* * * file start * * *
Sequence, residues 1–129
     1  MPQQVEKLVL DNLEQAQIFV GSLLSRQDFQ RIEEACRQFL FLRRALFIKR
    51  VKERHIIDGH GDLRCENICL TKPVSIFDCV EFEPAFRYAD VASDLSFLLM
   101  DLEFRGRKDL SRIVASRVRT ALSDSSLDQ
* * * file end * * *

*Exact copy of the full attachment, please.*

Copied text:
Sequence, residues 1–129
     1  MPQQVEKLVL DNLEQAQIFV GSLLSRQDFQ RIEEACRQFL FLRRALFIKR
    51  VKERHIIDGH GDLRCENICL TKPVSIFDCV EFEPAFRYAD VASDLSFLLM
   101  DLEFRGRKDL SRIVASRVRT ALSDSSLDQ